A remnant of Kerala’s history and culture, the 400 year old St.George Orthodox Church witnessed years of dereliction and encroachment. To restore this ancient monument built in 1615 AD to its former glory, Wallmakers got on board. The Kochi based firm explored the possibilities of earth architecture and the historic significance of arches and vaults in religious built forms. The design of the church emerged through a series of dialogues between the masons, architects and clients. Taking inspiration from the symbols of eastern Christianity, mud took the centre stage in this contemporary edifice.
Built for a small religious community of Kerala, the church demanded substantial negotiation and an exploratory spirit from the architect to realize this dream. Unlike local Kerala structures supporting pitched roofs, St. George Orthodox Church stands out with its arches and domes. The team says, “Most traditional buildings in Kerala have pitched roofs, but being the result of a foreign religion, the churches were always constructed in different styles. The architecture of this church which was built on the existing foundation of the old church builds on the imagery of historic monuments.” Rammed earth and compressed blocks became key components of the structure. The Nubian arches were constructed and stabilized using earth blocks. The altar and the aisles are supported by flying buttresses, built without shuttering. The team was inspired by the works of Tadao Ando and enveloped the central space with light filtering through the cross.
Rammed earth and compressed blocks became key components of the structure. The altar and the aisles are supported by flying buttresses, built without shuttering.
The masons received training to build with compressed earth blocks using the Nubian technique and a chain study method for stabilization. The Nubian technique is an old construction approach that involves masonry using earth blocks and mud mortar to create a wide range of arches, domes and vaults. It was reinstated by architect Hassan Fathy in the 20th century. It works on the principle that the blocks adhere to each other with earth as a glue. The dy blocks suck the water and clay of the glue and bind together. It is essential to keep the blocks thin, to maintain a high sticking area/weight ratio. The Catenary (chain-study) method helps in stabilizing the correct arch shape before the execution. Antonio Gaudi used this method in the early 20th century to define the shape assumed by a freely suspended chain. The catenary method gives the exact and ideal curve of the line of thrust, which represents the line of compressive stress in the arch.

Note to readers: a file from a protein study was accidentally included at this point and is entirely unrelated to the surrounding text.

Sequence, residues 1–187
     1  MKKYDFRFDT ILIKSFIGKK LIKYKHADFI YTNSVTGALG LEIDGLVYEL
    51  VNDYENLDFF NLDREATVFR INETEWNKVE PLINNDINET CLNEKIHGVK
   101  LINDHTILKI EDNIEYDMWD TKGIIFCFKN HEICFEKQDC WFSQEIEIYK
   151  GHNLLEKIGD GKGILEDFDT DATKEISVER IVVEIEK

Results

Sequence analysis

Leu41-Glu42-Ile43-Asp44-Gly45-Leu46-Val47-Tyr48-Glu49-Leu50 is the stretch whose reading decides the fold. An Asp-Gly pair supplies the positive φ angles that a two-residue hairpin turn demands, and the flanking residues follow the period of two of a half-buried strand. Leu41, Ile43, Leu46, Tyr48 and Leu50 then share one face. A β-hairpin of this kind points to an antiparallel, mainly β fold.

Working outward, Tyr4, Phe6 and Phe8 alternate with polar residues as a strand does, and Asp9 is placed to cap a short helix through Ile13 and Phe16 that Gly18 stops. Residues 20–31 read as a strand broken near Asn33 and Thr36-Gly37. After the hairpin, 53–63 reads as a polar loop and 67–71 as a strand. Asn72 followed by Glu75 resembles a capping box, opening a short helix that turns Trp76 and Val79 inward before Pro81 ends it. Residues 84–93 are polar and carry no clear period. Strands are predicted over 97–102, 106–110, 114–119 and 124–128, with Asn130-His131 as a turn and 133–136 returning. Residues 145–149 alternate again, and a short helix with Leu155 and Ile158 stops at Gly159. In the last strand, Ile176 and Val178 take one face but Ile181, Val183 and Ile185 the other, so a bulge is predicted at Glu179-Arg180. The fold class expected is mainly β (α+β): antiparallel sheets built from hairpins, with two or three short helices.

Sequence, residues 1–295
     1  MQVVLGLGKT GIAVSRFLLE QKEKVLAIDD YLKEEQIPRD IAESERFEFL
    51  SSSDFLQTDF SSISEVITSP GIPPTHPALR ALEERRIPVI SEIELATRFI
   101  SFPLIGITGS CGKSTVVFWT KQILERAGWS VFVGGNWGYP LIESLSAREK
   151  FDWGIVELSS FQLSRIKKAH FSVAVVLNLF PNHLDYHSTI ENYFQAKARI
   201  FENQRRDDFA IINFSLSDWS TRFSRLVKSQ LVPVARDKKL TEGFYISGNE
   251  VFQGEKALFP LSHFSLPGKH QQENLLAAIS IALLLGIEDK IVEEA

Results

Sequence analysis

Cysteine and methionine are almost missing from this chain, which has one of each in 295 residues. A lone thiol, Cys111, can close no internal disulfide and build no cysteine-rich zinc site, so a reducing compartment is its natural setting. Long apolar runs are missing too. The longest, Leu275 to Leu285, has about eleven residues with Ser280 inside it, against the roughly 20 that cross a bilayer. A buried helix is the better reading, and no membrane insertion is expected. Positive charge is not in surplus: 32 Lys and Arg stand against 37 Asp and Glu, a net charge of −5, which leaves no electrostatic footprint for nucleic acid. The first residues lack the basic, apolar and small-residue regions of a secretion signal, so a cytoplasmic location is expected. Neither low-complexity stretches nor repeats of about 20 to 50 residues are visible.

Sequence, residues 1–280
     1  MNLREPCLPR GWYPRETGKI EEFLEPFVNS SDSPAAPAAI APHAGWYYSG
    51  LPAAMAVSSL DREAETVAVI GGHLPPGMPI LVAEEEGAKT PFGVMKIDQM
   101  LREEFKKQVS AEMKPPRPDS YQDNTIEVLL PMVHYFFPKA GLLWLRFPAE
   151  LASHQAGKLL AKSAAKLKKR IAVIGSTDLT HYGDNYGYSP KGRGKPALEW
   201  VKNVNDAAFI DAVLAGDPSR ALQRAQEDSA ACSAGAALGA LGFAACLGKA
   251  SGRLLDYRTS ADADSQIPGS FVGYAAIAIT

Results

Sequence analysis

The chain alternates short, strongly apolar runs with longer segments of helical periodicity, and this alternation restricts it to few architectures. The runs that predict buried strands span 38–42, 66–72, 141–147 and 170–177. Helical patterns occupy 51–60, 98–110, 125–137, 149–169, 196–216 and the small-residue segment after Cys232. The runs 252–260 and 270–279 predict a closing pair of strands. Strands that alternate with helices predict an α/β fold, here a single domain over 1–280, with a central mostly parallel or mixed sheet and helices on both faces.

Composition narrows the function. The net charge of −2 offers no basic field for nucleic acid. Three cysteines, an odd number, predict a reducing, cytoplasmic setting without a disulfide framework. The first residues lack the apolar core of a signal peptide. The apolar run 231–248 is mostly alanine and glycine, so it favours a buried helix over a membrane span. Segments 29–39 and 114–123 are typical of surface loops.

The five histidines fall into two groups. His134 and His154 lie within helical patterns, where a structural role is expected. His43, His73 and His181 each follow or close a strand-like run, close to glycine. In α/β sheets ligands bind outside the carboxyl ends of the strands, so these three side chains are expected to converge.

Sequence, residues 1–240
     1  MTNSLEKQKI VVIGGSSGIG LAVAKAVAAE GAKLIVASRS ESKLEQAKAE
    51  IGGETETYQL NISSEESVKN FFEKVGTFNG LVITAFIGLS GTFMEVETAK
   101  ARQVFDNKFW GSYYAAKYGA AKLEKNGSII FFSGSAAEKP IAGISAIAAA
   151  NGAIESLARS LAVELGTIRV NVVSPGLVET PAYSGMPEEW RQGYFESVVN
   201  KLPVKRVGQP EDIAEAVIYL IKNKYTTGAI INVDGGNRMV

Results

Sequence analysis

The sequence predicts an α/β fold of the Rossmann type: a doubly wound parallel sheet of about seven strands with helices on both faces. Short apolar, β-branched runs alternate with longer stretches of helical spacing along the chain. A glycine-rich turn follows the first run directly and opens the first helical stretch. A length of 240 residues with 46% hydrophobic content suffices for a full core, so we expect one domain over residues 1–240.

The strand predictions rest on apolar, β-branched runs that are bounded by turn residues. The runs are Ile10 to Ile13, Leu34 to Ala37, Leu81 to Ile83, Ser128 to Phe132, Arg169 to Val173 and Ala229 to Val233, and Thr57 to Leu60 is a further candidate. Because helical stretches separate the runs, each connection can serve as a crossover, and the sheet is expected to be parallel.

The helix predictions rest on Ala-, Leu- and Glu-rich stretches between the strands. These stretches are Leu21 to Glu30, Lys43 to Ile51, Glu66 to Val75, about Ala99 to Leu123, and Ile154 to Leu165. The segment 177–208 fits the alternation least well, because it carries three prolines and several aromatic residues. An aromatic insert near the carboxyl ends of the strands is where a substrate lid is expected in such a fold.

The team says, “It is necessary to put in the time and effort to research on ancient techniques before implementing them on site. We have a lot to learn from vernacular techniques because they are sustainable and simplistic in nature. At the same time, the way forward is one in which we are not shackled by the limitations of these techniques, but one in which we study, improvise and implement to suit our contemporary needs.” Regardless of the inspirations and influences borrowed by Vinu Daniel – founder of Wallmakers, the end result is an innovative contemporary design that exploits its ancient significance and the opportunity to build for a challenging programme.
Taking inspiration from the symbols of eastern Christianity, mud took the centre stage in this contemporary edifice.
The hike in demands have led to increasing use of resources and it falls upon the architects to use energy efficient materials. Mud is one such material that can be utilised through different techniques like earth blocks, rammed earth, wattle, daub, and many more. With the spirit to explore combined with pressing demands and an understanding of the surrounding context, the design was born. Made from humble materials, the church is an attempt to foist awe and serenity with its rich spatial quality and respond to the footprint of the previous structure by the use of historic construction techniques.
Photo Credits: Jino Sam
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